In 1385, disgraced knight Crispin Guest, known as the Tracker, an investigator of crimes, travels to Canterbury at the request of the archbishop to investigate a plot to steal or destroy the bones of Saint Thomas à Becket. When he arrives, he finds his old friend Geoffrey Chaucer and a group of pilgrims – the Wife of Bath, the Franklin, the Pardoner, the Summoner, and others – who are the models for Chaucer’s characters in the Canterbury Tales.
When Crispin falls asleep while guarding the tomb of Saint Thomas, the bones are stolen and one of the pilgrims, the Prioress, is murdered. Another murder, of a monk, soon follows. All the evidence points to Chaucer, who is arrested for the crime. Crispin believes his friend is innocent, and must use his investigative skills to find the murderer – and the bones of the saint – before Chaucer is sent to the gallows.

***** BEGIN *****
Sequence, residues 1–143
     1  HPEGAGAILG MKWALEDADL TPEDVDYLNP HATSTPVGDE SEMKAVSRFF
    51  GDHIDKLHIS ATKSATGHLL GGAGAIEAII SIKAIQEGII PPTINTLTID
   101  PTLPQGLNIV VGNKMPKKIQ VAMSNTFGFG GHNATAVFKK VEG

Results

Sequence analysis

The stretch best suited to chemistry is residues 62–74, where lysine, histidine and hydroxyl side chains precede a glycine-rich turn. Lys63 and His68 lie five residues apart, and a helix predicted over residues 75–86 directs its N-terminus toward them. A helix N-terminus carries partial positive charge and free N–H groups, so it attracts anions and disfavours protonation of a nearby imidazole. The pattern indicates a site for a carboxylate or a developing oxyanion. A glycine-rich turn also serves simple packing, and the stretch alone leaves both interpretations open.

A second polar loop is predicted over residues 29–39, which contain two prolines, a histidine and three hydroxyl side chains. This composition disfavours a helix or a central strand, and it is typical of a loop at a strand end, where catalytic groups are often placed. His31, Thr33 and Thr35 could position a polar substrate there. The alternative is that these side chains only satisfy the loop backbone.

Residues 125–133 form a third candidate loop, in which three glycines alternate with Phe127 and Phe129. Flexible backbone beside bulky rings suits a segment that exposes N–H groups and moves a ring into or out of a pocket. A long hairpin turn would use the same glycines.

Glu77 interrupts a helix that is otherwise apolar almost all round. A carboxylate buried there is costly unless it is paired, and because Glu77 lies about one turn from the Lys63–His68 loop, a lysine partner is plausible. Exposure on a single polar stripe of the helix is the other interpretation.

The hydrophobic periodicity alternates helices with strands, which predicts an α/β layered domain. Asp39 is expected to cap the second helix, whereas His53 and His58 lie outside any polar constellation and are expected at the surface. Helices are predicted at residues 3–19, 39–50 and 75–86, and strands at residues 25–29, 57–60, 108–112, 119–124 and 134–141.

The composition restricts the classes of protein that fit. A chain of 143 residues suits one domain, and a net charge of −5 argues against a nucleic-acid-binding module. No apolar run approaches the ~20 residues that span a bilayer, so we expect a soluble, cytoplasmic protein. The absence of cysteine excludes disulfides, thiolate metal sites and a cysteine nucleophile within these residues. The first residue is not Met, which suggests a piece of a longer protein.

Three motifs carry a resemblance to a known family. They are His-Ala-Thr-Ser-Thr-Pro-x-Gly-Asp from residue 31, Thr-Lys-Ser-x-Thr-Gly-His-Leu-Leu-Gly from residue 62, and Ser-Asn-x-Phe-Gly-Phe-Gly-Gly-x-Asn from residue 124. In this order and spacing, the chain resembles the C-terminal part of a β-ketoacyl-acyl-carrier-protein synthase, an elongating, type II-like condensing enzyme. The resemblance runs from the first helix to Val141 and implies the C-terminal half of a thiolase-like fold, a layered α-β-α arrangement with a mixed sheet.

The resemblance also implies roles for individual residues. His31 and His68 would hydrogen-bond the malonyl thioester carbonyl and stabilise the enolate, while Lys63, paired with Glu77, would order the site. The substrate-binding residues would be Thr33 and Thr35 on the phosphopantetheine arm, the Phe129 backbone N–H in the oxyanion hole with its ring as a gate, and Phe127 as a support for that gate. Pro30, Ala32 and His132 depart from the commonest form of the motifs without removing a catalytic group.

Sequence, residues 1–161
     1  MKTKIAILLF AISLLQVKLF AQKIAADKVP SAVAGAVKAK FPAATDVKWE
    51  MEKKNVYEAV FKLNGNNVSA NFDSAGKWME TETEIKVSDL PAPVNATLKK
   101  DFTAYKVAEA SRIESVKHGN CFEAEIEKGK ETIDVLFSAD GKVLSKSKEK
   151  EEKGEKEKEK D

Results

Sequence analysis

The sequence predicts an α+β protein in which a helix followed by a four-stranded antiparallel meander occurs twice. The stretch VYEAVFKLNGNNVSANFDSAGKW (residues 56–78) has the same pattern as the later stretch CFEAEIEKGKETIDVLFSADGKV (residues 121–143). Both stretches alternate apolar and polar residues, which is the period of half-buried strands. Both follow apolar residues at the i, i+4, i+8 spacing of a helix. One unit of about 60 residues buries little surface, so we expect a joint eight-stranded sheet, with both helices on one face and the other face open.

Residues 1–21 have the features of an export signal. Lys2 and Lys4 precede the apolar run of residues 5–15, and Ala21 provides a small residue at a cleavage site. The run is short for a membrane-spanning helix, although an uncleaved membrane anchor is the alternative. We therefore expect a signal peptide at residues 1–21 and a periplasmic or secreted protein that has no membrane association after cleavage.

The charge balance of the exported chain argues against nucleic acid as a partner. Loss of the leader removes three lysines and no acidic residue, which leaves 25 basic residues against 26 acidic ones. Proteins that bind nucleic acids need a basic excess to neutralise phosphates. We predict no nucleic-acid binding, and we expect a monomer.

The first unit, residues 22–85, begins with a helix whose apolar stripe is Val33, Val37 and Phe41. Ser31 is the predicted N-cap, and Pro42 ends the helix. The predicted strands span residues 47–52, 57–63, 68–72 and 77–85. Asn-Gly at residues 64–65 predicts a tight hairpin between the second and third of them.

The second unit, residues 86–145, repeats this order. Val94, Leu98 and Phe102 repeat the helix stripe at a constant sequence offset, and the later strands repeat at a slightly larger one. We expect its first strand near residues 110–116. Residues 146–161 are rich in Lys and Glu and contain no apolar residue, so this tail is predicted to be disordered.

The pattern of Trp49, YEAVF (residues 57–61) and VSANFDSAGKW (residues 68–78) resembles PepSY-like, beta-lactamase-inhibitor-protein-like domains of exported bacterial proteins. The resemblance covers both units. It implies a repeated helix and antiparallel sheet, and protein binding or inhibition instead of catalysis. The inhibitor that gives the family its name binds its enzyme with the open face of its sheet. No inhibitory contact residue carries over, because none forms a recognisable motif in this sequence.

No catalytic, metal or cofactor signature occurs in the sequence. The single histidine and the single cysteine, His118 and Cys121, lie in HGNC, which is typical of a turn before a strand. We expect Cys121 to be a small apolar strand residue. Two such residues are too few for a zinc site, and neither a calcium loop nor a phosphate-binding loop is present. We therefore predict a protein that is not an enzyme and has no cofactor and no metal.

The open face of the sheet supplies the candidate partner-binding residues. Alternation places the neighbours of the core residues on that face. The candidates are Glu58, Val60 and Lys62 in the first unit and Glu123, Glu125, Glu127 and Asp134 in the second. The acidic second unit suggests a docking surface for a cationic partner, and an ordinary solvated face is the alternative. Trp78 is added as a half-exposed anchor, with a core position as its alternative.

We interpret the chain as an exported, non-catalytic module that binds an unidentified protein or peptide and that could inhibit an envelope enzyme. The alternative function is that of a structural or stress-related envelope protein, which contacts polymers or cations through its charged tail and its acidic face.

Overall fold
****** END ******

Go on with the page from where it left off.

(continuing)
This is the fourth book in Westerson’s mystery series, but only the first I have read. It will definitely not be the last. Westerson has created an attractive, intelligent protagonist in Crispin Guest and a delightful sidekick in Crispin’s apprentice Jack Tucker, a boy Crispin had rescued from the streets and taught to read and write. Her knowledge of medieval England is extensive, but it never feels as if she is lecturing the reader. Instead, she draws you into the world of her characters. I highly recommend this book to anyone who enjoys medieval mysteries, and I look forward to meeting Crispin and Jack again.